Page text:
Mock trial teaches students real justice

Franklin County, Pa., celebrates Law Day

Franklin County, Pa., celebrates Law Day

May 06, 2006|By DON AINES


The jury deliberated five minutes Friday in Franklin County Court before acquitting a woman who never was, of a crime that never occurred, in a town that never existed.

Teaberry Olson, owner of the Terrible Towel Caf in Barrister, Pa., was found not guilty of the murder of former employee Terese Jameson, who allegedly had threatened to reveal to Pennsylvania Department of Health officials that Olson was cutting corners by mixing horse meat in her hamburger.

Jameson, her skull smashed by a brick with Olson's fingerprints on it, was found in a Dumpster behind the restaurant on Nov. 20, 2004, according to the script.


Friday was Law Day in Franklin County, and the mock trial, with a case being played out before a jury of students, is a long-standing tradition, said Carolyn Seibert-Drager, director of the county Bar Association.

President Eisenhower established Law Day in 1958 as a "day of national dedication to the principle of government under law," and a counter to communist May Day celebrations.

About 200 students from the Chambersburg, Greencastle-Antrim and Waynesboro school districts and home-schooled students crowded Courtroom One, with a dozen selected to serve as the jury.

In less than two hours, they saw a truncated version of a trial, with opening statements, direct and cross examinations, objections, sidebar conferences, closing arguments, a charge to the jury by Judge Richard Walsh and deliberations. The jury deadlocked, with 10 voting for acquittal, but due to time constraints, a majority rather than unanimous verdict was accepted.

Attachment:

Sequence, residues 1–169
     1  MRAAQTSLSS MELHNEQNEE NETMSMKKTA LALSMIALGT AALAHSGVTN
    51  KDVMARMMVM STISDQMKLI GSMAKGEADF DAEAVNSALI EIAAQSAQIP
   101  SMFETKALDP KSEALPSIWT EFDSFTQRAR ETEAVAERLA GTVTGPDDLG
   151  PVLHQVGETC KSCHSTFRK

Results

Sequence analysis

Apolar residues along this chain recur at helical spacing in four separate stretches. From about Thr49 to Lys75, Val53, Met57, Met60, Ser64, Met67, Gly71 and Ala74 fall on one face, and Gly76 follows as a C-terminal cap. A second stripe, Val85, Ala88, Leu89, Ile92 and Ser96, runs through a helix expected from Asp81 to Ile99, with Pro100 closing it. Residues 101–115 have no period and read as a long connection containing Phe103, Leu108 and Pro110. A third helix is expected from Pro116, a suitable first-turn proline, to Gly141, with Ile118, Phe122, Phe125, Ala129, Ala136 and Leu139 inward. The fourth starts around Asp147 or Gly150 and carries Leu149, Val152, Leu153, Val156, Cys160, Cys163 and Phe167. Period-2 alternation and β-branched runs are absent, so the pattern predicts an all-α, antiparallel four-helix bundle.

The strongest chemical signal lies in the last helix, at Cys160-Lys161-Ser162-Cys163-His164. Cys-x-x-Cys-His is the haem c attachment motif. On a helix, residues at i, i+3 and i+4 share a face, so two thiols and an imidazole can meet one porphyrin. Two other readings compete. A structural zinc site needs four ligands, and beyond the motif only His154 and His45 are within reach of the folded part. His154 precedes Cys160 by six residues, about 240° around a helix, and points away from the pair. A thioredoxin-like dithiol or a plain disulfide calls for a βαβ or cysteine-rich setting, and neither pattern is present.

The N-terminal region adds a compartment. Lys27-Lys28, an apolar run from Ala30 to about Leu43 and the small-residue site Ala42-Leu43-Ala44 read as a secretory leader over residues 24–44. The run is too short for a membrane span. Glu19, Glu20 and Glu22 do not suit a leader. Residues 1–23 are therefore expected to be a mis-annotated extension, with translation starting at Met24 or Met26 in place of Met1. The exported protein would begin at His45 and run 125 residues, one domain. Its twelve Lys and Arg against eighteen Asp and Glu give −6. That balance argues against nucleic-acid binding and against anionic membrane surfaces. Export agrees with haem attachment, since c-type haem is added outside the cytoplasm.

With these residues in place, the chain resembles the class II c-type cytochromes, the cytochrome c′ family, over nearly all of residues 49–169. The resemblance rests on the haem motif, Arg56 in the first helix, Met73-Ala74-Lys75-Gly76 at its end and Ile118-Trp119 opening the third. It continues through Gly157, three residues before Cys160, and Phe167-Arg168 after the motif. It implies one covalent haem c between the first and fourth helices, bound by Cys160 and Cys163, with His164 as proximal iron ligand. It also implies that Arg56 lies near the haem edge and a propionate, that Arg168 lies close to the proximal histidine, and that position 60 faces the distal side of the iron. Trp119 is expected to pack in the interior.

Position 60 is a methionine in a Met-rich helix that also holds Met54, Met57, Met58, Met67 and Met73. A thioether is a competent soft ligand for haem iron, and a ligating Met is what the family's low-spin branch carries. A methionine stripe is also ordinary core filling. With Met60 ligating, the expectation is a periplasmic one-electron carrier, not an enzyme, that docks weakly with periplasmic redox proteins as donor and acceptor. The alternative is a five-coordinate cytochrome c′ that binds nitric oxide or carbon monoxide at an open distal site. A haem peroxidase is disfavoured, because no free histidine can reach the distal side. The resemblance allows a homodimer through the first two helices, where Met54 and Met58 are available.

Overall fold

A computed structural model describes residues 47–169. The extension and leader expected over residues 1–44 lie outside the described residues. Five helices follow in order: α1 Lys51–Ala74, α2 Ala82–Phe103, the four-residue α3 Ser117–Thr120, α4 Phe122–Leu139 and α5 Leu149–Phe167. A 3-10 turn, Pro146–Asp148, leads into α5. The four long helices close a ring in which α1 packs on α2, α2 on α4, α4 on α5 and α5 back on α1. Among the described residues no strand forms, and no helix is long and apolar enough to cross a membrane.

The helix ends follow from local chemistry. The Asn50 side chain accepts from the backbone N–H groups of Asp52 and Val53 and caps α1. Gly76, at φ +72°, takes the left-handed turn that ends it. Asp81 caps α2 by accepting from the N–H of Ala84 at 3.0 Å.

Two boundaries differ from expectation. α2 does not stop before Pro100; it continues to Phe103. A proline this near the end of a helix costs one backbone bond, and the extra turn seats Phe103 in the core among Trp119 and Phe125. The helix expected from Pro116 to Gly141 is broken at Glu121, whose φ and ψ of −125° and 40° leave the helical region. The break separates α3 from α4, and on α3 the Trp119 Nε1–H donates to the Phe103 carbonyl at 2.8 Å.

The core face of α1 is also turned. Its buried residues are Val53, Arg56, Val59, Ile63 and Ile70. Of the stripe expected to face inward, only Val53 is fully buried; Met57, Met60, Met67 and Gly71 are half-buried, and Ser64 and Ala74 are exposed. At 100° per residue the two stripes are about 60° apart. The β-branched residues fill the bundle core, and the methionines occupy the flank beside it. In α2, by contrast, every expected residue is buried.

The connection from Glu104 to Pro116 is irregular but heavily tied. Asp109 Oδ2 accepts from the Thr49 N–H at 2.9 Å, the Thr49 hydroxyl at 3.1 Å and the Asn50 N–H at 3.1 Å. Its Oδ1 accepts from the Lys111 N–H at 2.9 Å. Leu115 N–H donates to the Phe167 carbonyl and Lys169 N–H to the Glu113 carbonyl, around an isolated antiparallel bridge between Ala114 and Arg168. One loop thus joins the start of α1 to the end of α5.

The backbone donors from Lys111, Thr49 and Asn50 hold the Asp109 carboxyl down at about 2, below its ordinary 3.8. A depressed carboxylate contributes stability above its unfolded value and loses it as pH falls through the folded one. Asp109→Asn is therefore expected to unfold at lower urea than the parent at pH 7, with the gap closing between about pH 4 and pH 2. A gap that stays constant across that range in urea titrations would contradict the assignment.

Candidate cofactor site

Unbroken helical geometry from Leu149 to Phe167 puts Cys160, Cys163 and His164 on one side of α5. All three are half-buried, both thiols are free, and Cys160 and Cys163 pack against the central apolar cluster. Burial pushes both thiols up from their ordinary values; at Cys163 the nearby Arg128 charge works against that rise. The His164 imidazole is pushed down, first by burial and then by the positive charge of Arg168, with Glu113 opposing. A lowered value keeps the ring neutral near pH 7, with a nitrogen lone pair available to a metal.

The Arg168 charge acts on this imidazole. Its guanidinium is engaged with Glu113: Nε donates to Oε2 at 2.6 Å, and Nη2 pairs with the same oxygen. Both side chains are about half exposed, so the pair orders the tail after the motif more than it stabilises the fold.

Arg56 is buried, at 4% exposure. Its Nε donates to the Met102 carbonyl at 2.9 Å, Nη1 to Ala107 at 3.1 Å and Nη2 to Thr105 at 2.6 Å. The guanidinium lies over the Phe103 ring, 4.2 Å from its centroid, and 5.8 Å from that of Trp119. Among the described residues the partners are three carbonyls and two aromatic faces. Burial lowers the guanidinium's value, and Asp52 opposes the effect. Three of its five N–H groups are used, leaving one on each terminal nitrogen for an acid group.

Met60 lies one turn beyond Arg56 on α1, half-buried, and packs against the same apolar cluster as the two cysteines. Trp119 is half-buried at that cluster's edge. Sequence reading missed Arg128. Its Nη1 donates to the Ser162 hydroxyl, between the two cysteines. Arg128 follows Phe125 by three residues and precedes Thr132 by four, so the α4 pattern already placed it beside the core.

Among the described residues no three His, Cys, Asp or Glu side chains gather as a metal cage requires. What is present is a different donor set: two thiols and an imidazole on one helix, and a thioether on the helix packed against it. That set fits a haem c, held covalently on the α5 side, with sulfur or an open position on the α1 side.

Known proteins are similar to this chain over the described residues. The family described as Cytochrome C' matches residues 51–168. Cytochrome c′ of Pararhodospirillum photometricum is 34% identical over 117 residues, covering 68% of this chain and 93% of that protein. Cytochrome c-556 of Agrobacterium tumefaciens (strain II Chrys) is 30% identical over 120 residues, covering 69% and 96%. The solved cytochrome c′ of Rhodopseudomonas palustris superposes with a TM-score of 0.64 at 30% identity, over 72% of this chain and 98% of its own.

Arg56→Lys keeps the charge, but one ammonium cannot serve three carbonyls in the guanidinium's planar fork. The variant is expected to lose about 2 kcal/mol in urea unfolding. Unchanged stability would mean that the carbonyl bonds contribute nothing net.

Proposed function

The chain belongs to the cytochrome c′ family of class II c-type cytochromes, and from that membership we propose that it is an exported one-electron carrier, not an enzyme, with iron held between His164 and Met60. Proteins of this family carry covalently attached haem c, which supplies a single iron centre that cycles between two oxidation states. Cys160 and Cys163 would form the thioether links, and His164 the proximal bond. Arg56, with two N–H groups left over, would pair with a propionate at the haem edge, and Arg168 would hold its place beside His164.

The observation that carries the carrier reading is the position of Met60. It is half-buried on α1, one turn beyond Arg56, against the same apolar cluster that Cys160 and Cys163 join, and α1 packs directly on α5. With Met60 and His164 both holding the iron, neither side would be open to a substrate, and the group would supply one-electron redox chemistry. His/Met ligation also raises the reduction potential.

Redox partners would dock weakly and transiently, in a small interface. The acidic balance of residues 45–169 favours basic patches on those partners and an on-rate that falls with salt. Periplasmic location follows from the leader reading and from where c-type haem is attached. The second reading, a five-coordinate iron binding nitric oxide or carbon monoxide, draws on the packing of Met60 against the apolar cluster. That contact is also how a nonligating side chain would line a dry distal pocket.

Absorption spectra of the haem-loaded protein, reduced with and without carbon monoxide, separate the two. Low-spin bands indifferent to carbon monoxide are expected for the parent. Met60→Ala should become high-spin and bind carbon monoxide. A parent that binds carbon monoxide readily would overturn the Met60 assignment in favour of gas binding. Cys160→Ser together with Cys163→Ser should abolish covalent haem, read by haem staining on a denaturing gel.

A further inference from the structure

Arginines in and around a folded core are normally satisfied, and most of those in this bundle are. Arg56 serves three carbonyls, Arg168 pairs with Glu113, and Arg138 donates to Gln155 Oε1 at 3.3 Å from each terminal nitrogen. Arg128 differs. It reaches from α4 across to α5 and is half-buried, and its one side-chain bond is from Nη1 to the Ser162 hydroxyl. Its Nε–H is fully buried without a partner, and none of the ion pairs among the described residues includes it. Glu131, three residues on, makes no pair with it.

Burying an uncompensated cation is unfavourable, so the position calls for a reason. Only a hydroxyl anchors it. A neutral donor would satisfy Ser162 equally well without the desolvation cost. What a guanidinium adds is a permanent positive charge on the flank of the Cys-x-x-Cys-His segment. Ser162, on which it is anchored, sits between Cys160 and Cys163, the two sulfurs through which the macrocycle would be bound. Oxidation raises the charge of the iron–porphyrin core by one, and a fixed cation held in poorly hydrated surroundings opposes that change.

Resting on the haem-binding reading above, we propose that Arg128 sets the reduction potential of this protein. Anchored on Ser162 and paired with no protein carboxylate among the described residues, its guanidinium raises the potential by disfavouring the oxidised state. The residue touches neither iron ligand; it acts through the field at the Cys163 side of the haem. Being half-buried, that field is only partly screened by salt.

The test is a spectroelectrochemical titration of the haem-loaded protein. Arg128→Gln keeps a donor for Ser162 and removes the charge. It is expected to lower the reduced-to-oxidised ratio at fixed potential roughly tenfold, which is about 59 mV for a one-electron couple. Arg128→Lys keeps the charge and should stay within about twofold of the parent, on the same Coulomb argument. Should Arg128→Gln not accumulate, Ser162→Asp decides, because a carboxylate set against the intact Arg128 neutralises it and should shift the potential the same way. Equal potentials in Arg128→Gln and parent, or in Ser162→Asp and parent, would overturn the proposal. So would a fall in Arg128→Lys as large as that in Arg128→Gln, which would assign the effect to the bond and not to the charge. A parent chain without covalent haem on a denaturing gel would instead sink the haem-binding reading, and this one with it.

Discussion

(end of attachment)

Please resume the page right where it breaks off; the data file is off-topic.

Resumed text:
"Ladies and gentlemen, you wouldn't normally hear this, but you're going to hear it now," Walsh said during a sidebar in which he kept his microphone on.

"They almost always find them not guilty," Seibert-Drager said of jury verdicts in mock trials, the facts of the scripted cases being somewhat more ambiguous than most of the real-life cases heard by juries. This scenario was written by the Young Lawyers Division of the Pennsylvania Bar Association and was used for the association's high school mock trial competition, in which students try the case and attorneys serve as the jury, she said.

"This is kind of a role reversal," Seibert-Drager said, with local attorneys acting the parts of prosecutors, defense attorneys, the defendant and witnesses. In another role reversal, attorney Eric Weisbrod found himself prosecuting rather than defending in the case, while law clerk Carolyn Schweizer played the accused Teaberry Olson.

The student jury had to weigh contradictory evidence and testimony. For example, Olson's fingerprints were on the murder weapon, but so were other unidentifiable prints.

"I didn't think there was enough evidence" to convict, said juror Kelli Thompson of Greencastle-Antrim High School.

"I felt that she was actually lying," classmate and fellow juror Dhara Patel said of Olson/Schweizer's testimony. She voted for conviction.

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